Inflammatory bowel disease (IBD) refers to two chronic diseases that cause inflammation of the intestines -
Crohn's disease. The symptoms of these two illnesses are very similar, which often makes it difficult to distinguish between the two. In fact, about 10% of colitis (inflamed colon) cases cannot be diagnosed as either ulcerative colitis or Crohn's disease. When physicians cannot diagnose the specific IBD, the condition is called indeterminate colitis.
Inflammatory bowel disease is not the same as irritable bowel syndrome, or IBS. Irritable bowel syndrome is characterized by cramping, abdominal pain, bloating, constipation and diarrhea. IBS causes discomfort and distress, but it does not permanently damage the intestines, and it does not cause serious diseases, such as cancer. Inflammatory bowel disease, on the other hand, causes chronic inflammation in the gastrointestinal tract and may lead to complications like colon cancer.
Researchers estimate that about one million Americans have inflammatory bowel disease. While IBD can develop at any age, it is most prevalent among individuals aged 15 to 30.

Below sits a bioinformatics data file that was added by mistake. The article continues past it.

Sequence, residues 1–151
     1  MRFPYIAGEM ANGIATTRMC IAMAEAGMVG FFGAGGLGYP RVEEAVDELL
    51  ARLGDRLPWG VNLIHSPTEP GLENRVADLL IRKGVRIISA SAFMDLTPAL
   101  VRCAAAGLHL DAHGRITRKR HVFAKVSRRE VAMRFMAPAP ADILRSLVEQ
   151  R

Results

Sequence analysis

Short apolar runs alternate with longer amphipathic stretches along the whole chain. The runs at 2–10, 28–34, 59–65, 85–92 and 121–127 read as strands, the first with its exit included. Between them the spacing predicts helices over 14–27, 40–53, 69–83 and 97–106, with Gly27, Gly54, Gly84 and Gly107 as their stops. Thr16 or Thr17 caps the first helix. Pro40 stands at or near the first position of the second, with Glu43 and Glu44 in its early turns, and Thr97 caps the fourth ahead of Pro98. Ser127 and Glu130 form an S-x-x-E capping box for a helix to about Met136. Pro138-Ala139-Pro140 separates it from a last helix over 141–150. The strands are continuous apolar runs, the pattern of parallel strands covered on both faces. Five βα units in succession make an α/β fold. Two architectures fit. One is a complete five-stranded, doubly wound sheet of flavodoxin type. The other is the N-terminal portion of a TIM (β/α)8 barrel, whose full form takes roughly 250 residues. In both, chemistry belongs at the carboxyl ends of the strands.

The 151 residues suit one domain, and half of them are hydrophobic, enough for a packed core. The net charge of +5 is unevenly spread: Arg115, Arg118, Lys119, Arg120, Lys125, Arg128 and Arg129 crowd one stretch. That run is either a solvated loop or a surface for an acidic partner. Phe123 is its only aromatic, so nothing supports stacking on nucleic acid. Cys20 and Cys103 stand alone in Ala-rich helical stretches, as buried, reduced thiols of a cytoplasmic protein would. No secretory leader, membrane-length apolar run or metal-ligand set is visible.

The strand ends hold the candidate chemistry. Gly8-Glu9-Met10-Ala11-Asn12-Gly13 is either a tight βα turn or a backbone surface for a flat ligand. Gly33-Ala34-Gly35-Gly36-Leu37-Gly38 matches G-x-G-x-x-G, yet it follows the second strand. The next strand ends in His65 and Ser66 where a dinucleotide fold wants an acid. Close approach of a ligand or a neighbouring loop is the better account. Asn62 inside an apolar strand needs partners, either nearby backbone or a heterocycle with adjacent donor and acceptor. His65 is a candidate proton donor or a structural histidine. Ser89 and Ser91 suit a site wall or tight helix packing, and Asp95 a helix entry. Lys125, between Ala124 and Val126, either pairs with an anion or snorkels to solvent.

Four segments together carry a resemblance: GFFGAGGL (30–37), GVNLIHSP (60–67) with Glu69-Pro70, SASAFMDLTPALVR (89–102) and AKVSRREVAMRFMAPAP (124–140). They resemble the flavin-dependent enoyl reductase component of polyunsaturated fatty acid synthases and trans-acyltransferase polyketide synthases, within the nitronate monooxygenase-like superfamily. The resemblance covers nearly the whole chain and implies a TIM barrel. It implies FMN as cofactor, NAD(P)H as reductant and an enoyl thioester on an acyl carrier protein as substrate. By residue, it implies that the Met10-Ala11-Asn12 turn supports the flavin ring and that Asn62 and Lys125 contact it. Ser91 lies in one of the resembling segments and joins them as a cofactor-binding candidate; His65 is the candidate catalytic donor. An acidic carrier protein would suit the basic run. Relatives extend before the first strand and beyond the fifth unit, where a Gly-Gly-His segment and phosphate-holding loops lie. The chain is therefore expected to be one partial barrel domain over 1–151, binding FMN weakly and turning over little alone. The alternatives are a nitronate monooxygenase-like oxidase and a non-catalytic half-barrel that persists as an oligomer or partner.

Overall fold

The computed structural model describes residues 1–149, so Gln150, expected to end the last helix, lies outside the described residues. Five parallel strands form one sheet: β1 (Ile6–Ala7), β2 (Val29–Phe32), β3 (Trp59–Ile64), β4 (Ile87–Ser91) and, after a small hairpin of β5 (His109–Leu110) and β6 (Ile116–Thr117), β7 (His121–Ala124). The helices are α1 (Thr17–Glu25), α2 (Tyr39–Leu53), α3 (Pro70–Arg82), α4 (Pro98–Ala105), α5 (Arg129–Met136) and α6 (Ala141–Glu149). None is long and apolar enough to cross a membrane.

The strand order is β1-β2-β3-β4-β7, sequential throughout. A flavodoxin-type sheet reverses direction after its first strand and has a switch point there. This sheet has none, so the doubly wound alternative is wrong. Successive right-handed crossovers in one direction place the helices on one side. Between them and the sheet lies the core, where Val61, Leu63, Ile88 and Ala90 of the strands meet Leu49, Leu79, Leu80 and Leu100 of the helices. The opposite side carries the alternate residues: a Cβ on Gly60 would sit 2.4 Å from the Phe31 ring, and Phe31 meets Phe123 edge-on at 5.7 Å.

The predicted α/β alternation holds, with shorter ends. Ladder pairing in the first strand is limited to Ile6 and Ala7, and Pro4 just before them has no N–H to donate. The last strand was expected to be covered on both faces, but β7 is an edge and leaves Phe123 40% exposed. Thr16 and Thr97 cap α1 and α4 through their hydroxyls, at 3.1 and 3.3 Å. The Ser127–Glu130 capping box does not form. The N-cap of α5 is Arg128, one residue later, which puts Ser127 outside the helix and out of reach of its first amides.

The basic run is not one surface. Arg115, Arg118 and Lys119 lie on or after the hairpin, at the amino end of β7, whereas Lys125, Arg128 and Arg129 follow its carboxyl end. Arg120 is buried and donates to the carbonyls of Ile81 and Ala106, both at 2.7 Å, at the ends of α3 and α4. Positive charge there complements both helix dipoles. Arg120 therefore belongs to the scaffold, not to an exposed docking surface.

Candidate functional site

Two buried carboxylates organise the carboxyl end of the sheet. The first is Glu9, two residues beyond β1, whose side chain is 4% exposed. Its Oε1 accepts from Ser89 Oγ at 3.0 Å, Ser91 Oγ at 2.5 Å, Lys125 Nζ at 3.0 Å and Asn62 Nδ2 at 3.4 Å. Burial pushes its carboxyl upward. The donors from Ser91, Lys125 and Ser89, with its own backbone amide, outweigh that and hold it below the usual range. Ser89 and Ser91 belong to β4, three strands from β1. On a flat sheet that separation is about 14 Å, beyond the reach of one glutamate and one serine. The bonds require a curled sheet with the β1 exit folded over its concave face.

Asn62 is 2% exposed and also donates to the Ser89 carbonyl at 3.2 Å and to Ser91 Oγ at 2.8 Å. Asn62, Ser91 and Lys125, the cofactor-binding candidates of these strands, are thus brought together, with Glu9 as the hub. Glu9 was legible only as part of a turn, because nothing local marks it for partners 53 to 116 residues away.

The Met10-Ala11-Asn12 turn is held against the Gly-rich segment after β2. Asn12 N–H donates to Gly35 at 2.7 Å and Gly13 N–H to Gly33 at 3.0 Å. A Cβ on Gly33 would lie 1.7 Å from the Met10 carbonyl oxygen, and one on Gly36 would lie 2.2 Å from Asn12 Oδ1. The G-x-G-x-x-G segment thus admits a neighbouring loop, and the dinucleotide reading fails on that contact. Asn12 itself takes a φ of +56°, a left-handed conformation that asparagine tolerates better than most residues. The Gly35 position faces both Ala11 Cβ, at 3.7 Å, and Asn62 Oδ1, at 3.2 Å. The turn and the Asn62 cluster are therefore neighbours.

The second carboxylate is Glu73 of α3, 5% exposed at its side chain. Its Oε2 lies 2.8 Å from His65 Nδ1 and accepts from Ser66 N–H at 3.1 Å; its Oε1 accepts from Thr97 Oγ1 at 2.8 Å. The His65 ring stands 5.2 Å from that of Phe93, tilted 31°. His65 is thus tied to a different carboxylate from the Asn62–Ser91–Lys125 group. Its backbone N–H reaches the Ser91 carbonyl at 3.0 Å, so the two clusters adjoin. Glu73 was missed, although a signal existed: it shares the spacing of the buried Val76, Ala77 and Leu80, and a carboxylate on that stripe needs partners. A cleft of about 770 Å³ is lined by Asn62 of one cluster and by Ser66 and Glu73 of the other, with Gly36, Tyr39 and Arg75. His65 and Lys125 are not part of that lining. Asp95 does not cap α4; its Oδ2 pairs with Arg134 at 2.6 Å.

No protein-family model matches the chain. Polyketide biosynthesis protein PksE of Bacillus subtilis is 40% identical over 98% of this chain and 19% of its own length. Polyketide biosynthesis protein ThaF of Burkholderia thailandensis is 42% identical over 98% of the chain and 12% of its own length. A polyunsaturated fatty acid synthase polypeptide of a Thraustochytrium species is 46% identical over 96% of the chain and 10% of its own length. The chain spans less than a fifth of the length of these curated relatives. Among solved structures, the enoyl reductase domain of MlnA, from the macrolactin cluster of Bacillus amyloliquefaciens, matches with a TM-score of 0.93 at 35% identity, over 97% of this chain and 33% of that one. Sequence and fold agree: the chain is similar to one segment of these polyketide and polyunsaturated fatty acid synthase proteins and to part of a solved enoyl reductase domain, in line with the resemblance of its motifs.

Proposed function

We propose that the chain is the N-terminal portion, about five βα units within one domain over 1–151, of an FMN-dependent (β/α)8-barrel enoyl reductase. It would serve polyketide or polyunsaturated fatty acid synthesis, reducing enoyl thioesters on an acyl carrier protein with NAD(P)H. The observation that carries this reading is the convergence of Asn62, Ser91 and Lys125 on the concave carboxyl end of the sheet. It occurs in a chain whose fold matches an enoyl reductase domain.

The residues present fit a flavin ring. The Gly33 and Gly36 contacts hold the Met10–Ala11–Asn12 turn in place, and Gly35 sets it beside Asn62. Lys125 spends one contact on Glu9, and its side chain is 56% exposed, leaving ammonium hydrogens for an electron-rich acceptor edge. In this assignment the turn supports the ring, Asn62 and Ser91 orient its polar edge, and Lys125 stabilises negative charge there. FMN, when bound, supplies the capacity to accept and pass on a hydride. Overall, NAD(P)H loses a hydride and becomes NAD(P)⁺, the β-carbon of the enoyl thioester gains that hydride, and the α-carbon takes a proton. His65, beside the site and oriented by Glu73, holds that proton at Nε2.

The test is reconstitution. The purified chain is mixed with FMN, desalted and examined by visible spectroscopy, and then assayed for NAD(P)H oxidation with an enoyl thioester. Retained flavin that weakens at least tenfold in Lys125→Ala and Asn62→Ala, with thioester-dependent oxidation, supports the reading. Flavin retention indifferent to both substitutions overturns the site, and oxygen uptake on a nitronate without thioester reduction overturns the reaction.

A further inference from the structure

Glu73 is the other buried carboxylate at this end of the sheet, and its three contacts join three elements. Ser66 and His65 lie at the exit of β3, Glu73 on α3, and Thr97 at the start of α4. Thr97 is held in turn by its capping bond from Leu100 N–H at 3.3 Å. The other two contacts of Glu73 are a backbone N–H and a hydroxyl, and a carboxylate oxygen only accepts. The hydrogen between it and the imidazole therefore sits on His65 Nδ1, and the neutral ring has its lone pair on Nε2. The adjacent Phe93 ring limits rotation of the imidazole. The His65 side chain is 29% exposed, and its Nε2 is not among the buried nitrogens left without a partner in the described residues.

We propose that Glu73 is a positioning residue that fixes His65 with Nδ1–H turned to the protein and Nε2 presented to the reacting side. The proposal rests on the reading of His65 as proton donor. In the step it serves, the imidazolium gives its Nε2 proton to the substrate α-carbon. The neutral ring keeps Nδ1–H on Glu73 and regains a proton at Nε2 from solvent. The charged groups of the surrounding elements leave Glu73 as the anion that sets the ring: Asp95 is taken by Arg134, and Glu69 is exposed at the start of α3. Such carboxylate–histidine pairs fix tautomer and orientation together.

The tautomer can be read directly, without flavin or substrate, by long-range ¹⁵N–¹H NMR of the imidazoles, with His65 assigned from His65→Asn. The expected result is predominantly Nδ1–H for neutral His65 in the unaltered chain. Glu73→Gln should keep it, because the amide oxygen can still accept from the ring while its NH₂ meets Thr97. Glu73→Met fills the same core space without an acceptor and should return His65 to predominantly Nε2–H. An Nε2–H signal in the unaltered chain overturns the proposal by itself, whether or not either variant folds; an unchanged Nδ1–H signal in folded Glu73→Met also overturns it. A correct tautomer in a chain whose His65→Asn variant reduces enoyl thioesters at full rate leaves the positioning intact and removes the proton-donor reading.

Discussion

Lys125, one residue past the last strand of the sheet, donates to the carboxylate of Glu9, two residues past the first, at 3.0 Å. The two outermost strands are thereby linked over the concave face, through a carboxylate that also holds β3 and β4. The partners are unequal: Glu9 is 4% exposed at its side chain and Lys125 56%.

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Ulcerative colitis is different from Crohn's disease because inflammation is limited to only the colon. Also, ulcerative colitis only affects the superficial layers (the mucosa) of the colon. With more than 500,000 Americans living with ulcerative colitis, the condition is slightly more prevalent than Crohn's disease. However, it is sometimes difficult to differentiate between the two diseases. Also, the early stages of Crohn's disease may be mistaken for ulcerative colitis because the disease starts in the colon and progresses throughout the gastrointestinal tract.
Ulcerative colitis may develop at any age.
ibd and colon cancer
Individuals who have IBD are more likely to develop colon cancer, even if the condition is managed with treatment. The risk of colon cancer is related to the extent and duration of disease, not its activity. The risk is the greatest among individuals who have had IBD for more than eight years, and if it has spread throughout the entire colon. Despite the increased risk, more than 90% of individuals with IBD do not develop cancer.
Individuals who have had IBD for more than eight years should visit a gastroenterologist at least once a year. Regular colonoscopies may also be recommended.